The consortium includes: Luminate Medical (Lead); Gentian Consultancy Services; National University of Galway (NUIG) and Trinity College Dublin (TCD). They received €4.5M in DTIF funding to support the development of LILAC-IntelliSense – a software system that models a prognosis for Chemotherapy Induced Peripheral Neuropathy (CIPN) based on clinically obtained observations and smart bioinformatics algorithms, improving treatment outcomes while reducing long-term side effects.
Luminate said: “Our vision is to build the technology that will eliminate the side effects of cancer treatment. Today, we’re announcing that our product line is expanding with €4.5M in funding to support the development of Lilac: the world’s first wearable device to prevent chemotherapy induced peripheral neuropathy. Peripheral neuropathy is one of the most debilitating side effects of cancer treatment, impacting up to 68% of all chemotherapy patients. With this funding, we aim to bring our technology to clinical trials within the next three years”.
Also receiving funding is Novus Diagnostics (Lead) part of a consortium to include Dolmen Design and Innovation; National University of Ireland, Dublin (UCD) and Royal College of Surgeons in Ireland (RCSI). Novus Diagnostics was co-founded by Dr Elaine Spain and Dr Kellie Adamson and will receive €3.3M under the DTIF initiative. The consortium will work together to develop Thorax: an AI-driven patient monitoring platform, combined with a diagnostic test capable of identifying patients at high risk of progression of acute diseases (sepsis/pneumonia).
Another project, this time making online space safer for children is Cilter – an AI-driven parental control concept that will modify a phone at the kernel level to access all incoming and outgoing data and encrypt messaging apps. The consortium includes Cilter Technologies (Lead); O’Neill Amarach Consultants, and Dublin City University.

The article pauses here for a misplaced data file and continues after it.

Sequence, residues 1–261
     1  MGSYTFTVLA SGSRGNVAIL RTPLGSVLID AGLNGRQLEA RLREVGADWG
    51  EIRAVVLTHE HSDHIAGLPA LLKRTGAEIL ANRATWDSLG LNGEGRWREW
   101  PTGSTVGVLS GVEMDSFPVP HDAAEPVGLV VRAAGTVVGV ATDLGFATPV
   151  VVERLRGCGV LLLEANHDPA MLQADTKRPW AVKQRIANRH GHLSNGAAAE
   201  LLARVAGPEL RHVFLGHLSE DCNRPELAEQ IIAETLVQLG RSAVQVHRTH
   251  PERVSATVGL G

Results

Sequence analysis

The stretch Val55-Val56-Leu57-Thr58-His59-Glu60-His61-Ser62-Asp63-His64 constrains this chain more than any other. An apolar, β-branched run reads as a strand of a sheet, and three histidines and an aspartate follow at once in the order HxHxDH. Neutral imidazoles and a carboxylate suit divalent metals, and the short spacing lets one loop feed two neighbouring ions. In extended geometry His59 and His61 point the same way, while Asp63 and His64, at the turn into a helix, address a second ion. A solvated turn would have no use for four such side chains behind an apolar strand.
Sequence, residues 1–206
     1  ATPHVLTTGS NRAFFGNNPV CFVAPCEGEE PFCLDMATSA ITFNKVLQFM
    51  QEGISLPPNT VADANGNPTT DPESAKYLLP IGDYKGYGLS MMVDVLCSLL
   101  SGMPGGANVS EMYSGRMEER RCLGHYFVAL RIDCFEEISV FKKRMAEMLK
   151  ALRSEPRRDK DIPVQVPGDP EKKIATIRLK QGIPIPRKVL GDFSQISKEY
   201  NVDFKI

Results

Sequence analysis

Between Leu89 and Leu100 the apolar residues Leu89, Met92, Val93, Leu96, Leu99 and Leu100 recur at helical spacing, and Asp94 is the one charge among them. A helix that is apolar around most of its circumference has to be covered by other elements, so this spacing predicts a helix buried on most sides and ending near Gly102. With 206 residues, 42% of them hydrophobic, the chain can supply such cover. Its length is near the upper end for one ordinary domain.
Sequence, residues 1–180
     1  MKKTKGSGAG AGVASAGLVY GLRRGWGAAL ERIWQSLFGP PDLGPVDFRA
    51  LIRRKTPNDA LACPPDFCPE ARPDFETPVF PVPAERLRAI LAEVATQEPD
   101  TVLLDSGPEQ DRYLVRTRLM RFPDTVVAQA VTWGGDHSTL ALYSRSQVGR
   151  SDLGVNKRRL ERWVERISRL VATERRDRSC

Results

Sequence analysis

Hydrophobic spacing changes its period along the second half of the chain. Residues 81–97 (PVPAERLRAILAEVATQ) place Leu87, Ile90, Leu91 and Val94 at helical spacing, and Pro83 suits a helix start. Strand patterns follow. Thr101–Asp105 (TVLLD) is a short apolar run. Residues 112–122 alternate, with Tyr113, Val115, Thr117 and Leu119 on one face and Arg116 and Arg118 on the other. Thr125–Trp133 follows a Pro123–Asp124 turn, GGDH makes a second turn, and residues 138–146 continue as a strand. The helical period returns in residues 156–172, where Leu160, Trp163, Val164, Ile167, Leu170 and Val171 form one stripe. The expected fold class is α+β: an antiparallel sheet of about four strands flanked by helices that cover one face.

Cilter Technologies was founded by Rena Maycock in 2019. On the news, Rena said: “Cilterfilter has been successful in our application for DTIF funding of €2.8M to fully develop our software that will detect/block cyber bullying and grooming content on smartphones. Thanks to our partners, DCU and Amarach Research”.
The total allocation of DTIF funding now sits at €275 million with over €157 million (57%) of that funding awarded to project partners outside of Dublin. This will contribute to further economic growth in all regions and create high-quality jobs for talented people who live and work in rural Ireland.
Leo Clancy, CEO, Enterprise Ireland, who administer the Disruptive Technologies Innovation Fund, said: “The investment offered through DTIF encourages Irish companies of all sizes, multinational companies and academic institutions to explore new opportunities by encouraging them to be more ambitious and pursue strategic research opportunities. It helps clients target investment in innovations in areas of major importance, such as future medical technologies and digitalisation.”
You can find out about all 11 projects here.